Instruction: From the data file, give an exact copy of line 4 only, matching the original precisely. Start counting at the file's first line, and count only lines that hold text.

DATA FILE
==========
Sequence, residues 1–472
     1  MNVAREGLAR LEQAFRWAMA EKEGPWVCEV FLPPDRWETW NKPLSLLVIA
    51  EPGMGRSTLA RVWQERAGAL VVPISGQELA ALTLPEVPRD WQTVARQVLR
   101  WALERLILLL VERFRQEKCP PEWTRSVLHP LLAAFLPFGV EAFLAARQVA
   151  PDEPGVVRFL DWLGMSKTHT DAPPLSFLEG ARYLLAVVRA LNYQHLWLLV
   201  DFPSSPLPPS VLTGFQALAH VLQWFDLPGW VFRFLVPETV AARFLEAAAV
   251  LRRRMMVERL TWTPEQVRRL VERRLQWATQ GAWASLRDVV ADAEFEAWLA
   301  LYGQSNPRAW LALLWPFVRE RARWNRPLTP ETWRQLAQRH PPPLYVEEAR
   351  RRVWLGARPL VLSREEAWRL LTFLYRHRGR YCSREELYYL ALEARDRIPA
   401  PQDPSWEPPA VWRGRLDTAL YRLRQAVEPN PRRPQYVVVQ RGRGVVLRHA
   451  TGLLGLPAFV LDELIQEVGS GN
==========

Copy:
   101  WALERLILLL VERFRQEKCP PEWTRSVLHP LLAAFLPFGV EAFLAARQVA